As the writer and theologian C.S Lewis said, “There are no ordinary people. You have never talked to a mere mortal. Nations, cultures, arts, civilizations — these are mortal and their life is to ours as the life of a gnat. But is immortals whom we joke with, work with, marry, snub, exploit — immortal horrors or everlasting splendors… Next to the blessed sacrament itself, your neighbor is the holiest object presented to your senses.”
Last year, my husband and I decided to make the move to Germantown and foolishly decided that we could move everything ourselves late in the day without hiring or asking for help. While running up and down the stairs with heavy furniture, I dropped a barbell on my foot and broke my toe. Barely able to walk, I could hardly carry light boxes, much less all the books and furniture still left. This left my husband alone in the intense heat of a city evening in the summer, trying to figure out how to haul everything in alone or who we could call at this late stage in the game while time ran out on our moving van rental. As he sat on the bumper for a moment, overcome by the heat and the impossibility of his task, a crew of hispanic house painters who had been loading up their van in the dusk, came up and asked if we needed help.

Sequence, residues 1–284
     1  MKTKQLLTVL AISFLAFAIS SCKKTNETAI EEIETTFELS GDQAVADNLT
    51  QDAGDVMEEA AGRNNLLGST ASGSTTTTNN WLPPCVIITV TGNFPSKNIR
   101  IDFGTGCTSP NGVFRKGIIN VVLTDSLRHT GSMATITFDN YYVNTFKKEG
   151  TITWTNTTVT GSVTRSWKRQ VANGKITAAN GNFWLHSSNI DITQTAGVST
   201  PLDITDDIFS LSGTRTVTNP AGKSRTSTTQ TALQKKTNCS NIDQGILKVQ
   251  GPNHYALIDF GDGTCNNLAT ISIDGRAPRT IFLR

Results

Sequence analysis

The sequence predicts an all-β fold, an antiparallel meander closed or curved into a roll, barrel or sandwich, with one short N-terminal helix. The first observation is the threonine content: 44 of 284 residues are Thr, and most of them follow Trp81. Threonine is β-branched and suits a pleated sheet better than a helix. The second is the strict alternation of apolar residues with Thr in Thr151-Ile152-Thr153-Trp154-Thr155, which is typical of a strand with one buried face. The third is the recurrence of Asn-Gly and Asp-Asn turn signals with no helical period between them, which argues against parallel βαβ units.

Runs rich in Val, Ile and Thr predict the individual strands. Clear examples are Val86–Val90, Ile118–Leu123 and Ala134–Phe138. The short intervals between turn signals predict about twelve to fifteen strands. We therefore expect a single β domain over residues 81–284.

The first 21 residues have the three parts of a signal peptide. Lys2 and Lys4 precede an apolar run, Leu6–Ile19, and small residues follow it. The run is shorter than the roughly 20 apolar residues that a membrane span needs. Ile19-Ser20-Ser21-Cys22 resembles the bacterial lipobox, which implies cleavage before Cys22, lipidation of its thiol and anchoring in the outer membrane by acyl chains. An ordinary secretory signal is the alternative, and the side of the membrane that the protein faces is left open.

“I don’t have any way to pay you,” said my husband to their foreman, the only one who spoke English.
The kind stranger waved this away impatiently, saying, “Her foot is hurt and you can’t do this alone.”
In ten minutes, the rest of our things were swept out of the van and into our new apartment. Smilingly brushing off our thanks and my grateful tears, these men disappeared into the night like angels, obedient to the common decency of good people that now appears to be less and less common.